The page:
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I have long struggled to avoid relying too heavily on sports subjects as content for this column. Not everyone appreciates sports and sometimes sports analogies can become tiresome. But there is something happening in our local sports news that is surprising and refreshing, and that we can only hope will become contagious.

Part of what is exciting is that the Baltimore Ravens has just clinched their division championship for the second year in a row and currently has the number one seed in their conference. They are experiencing a team renaissance that has never been seen before in our area. But what is most amazing is that this surprising rejuvenation of the team, and of many fans, is largely the result of the outstanding play and attitude of a young quarterback named Lamar Jackson.

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Jackson was known to be an excellent athlete coming out of college, but many other players were selected for the NFL before him. There was doubt expressed about his ability and some suggested that he should change his position. But he has proven doubters wrong with dynamic play and an elusive running style.

Just when opponents seem to have him stopped, he eludes them and creates unexpected gains. But he doesn’t only run well and in his last game he threw five touchdown passes. Like one of his humorous T-shirts says, “Not bad for a running back!”

But what is most impressive and dynamic about Lamar Jackson and the reason he is the subject of this column is his attitude and drive for excellence. For example, another one of his now-famous T-shirts proclaims, “Nobody cares, work harder.” If you contemplate that for a moment you realize that a public figure is actually prodding himself and encouraging others to essentially stop whining and get to work! That is refreshing and a message you rarely hear from anyone in public life anymore.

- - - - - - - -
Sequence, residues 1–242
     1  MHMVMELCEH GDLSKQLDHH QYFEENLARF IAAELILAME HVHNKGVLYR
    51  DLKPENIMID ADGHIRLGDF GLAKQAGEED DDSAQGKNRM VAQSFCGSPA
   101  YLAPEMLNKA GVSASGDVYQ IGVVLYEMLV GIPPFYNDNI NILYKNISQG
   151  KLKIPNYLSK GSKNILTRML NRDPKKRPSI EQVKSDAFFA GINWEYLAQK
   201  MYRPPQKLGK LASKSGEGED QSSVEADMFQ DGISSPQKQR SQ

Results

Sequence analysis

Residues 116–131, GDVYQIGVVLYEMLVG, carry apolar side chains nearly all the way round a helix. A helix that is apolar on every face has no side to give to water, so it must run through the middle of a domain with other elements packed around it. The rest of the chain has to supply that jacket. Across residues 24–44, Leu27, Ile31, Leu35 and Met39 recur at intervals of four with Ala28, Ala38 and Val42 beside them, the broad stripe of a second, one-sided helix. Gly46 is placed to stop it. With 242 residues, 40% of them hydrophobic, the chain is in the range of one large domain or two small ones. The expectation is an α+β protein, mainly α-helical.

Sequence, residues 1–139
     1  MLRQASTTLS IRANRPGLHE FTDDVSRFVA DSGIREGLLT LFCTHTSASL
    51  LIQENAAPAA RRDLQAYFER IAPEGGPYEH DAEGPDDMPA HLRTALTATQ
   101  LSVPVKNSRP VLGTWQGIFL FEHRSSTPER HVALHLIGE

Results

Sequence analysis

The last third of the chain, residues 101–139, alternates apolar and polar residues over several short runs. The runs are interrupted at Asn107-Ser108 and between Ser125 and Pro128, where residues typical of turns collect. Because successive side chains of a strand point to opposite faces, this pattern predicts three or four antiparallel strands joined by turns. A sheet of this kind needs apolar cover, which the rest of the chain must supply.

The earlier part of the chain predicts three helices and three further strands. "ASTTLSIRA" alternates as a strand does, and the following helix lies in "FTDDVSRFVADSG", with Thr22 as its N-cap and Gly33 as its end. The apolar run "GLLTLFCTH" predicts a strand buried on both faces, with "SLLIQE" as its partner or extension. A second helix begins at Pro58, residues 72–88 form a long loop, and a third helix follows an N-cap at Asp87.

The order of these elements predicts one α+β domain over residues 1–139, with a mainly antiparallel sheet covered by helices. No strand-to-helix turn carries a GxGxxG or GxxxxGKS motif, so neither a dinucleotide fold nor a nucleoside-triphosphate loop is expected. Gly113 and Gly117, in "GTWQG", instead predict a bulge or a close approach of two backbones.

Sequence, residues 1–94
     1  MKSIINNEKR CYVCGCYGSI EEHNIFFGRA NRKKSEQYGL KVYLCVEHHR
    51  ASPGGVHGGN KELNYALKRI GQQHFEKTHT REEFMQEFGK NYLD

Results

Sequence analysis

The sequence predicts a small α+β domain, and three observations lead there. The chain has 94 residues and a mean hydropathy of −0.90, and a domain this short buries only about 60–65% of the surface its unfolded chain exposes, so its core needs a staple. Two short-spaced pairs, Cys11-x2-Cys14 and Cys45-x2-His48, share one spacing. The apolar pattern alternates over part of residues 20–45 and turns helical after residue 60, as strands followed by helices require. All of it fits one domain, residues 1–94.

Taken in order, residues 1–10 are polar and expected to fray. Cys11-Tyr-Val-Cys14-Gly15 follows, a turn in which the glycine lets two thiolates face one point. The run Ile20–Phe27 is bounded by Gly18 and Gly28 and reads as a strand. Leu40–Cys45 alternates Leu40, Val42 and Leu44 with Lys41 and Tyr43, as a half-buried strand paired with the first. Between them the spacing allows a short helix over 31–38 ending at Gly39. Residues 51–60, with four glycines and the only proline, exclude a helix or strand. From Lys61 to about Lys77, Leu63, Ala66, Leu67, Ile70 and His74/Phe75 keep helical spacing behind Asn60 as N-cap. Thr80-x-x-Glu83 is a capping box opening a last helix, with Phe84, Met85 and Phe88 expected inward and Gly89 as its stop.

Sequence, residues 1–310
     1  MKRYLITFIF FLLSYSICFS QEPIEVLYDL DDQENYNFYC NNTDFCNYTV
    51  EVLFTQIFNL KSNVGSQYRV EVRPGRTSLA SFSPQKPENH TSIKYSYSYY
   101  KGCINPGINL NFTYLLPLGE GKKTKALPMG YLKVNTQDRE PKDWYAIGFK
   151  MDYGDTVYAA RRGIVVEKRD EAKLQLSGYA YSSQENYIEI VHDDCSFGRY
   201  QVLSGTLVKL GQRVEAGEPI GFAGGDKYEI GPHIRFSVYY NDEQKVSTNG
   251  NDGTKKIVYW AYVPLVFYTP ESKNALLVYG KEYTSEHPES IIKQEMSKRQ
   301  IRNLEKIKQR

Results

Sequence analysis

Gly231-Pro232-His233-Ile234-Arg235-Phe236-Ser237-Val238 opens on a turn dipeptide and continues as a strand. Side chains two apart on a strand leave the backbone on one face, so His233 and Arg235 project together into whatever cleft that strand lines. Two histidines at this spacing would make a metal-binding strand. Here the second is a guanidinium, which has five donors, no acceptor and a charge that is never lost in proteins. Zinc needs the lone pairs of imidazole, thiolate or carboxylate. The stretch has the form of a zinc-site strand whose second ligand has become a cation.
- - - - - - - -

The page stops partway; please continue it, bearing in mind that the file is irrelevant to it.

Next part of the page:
The importance of the Lamar Jackson phenomenon lies in the psychological process of “modeling.” Modeling is not about attractive people parading around but a term used to describe trends in behavior that result from imitating or copying other people’s behavior. It is a powerful influence and often occurs without conscious awareness. Advertising agencies on Madison Avenue have long known this and almost every commercial you see has an element of psychological manipulation based in modeling.

Modeling explains why there are popular contagions in behavior. Why, when some people start speaking, dressing or behaving in certain ways it can spread like wildfire through the population. Modeling helps to explain fashion trends, speech trends, political trends and even gift buying trends.

Many people still remember the crazy behavior associated with trying to find a Furby or a “Tickle Me Elmo” doll to put under the Christmas Tree. More importantly, modeling influences the way we think about ourselves and our world and affects the way we behave in day to day life.

What is most refreshing about Lamar Jackson is that he is not only a dynamic athlete and a wonder to watch, but he models positive values of self-sufficiency and hard work.

Too often it seems that our country has become a population of “finger-pointers” trying to place blame on everything and everyone else for setbacks, instead of problem-solving and working harder to overcome them. Lamar Jackson is the antithesis of the “blaming others” attitude.

Jackson’s message doesn’t stop with encouraging self-sufficiency and personal responsibility. One of his strongest themes is about humility and teamwork as he credits those around him for success, rather than focusing on himself. After another highly productive and record-setting game last week when he threw five touchdown passes, he credited his team with the victory. Regarding his great passes, he shrugged them off and pointed out, “The running backs and tight ends and receivers had to catch the ball, they scored the touchdowns!”

His attitude exemplifies selflessness where he is confident and humble enough to give other people credit for success. No person is an “island” and success does not occur in a vacuum. Jackson makes sure to compliment his teammates, his coaches and the ownership for designing a system that supports his unique talents. He realizes he does not achieve by himself, but that the team around him is the most important ingredient of success. This is especially meaningful because psychological studies have shown that being a part of something greater than ourselves, being part of a team, is one of the secrets to individual happiness.

I’m sure Lamar Jackson is not a perfect person and he would probably be the first to tell us that. But he does embody and models many of the values needed for true success and happiness. He demonstrates humility, goal setting, teamwork, individual responsibility, focus, and maybe most of all, not blaming others but working harder.

Sigh, where has this guy been my whole life!

Scott E. Smith, Ph.D. is a licensed psychologist with Spectrum Behavioral Health in Arnold, Crofton, and Annapolis MD. To contact Dr. Smith, please call 410-757-2077 or write to him at 1511 Suite 202, Ritchie Hwy., Arnold, MD. 21012

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